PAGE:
What is it? It is a partial fulfillment of the thing hoped for. It is an aspect of his character that will continue to remain when all of his former fleshliness has been eradicated. It is a piece of heaven. The pure ore of the new creation. It is him being in Christ. Even better, it is evidence of Christ being in him! When Romans 5:4 says “character [produces] hope,” it does not mean that it gives us hope. We already have that hope, and that hope is already sure. Rather, the word ‘hope’ refers to the thing hoped for—to the obtaining of that hope. And this (very!) little of what we shall be will not disappoint. It will not fizzle and fade and fail. When we see what (very!) little of our proven character there is, we are yet seeing something infinitely great, and something that will everlastingly endure. “Now hope does not disappoint”!

Where did it come from? The Holy Spirit makes sure that we know. It came from God’s love for us. The Holy Spirit Himself is a gift to us. “by the Holy Spirit Who was given to us”! And He was given to us for (in part) this reason: to pour out the love of God in our hearts. The older translation, “shed abroad,” may be better here. This is the abundance and completion of pouring over the insufficiency of some other application. The heart is pictured as a surface or a region that is entirely covered and smothered by a substance. And what a substance it is: God’s love for the justified sinner!

There no place anywhere in the believer’s thinking for the idea that something has not come to him from the love of God. Even when he sins and grieves and displeases his Father. Even when the Father hates what he has done. Even when the Father chastens him painfully and severely. Why has Father done this? By the work of the Holy Spirit in the believer’s heart, one sure part of that answer is always, “because He loves me!”

I know that He loves me, because He gave Christ for me (Romans 5:1a). I know that He loves me, because Christ secured peace for me (verse 1b). I know that He loves me, because He gave me (end of Romans 5:5) His Spirit to teach my heart that He loves me. I know that He loves me, because His eternal, electing love is determined to make me like Christ (Romans 8:29). I know that He loves me, because He has begun the process of glorifying one whom He has justified (Romans 8:30). And how has He advanced this process? Was it through character-proving, endurance-producing, tribulation? Then I know that He troubled me because He loves me!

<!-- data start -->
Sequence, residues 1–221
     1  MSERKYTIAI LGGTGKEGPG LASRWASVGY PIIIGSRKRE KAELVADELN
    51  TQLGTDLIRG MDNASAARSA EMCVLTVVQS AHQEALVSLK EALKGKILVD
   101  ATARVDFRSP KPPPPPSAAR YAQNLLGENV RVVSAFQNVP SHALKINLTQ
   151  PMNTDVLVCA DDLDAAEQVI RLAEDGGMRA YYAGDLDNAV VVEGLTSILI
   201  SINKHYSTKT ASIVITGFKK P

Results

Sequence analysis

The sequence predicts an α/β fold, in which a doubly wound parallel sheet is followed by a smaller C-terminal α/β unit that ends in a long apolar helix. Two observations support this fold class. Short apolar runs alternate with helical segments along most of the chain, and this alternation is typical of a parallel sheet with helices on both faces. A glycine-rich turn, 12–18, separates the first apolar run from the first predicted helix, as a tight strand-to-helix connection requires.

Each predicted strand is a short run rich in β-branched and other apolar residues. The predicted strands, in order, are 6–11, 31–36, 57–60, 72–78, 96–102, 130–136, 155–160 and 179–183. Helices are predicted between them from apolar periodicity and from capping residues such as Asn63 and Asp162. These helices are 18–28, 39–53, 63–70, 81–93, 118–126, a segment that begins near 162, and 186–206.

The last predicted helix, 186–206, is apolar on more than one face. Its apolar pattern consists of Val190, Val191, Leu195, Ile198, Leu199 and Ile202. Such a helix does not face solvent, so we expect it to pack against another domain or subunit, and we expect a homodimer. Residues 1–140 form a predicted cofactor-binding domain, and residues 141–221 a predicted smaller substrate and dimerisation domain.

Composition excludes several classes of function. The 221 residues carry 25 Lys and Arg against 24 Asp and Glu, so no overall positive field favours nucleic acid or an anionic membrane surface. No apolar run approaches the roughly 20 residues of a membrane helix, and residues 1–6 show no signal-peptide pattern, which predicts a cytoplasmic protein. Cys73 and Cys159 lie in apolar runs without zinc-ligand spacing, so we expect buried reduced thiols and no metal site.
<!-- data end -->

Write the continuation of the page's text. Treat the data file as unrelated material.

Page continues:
And if my tribulation is a palpable expression of my Father’s love, by which He is bringing me to enjoy perfectly that love, then how shall I feel about it? I will glory in it!

What tribulations are you enduring? For what sort of life should you hope, if you hope to see that you are a legitimately adopted child? What is God building in you, and what should you be aiming to build, if He brings you tribulation as His child? When you see small progress in grace, how should you feel about that progress, regardless of its smallness? What is it, and where did it come from?

Sample prayer:  Lord, we thank You for counting us righteous entirely on account of Christ’s righteousness. And we thank You for having begun to conform us to Christ and His righteousness. And we thank You that You will finish conforming us to Him. Give us to rejoice over whatever tribulations You deem necessary, and grant that Your Spirit would continually shed abroad in our hearts the knowledge of Your eternal, electing, everlasting love for us, we ask in the Name of the Only-Begotten Son, AMEN!

Suggested songs: ARP32AB “What Blessedness” or TPH433 “Amazing Grace”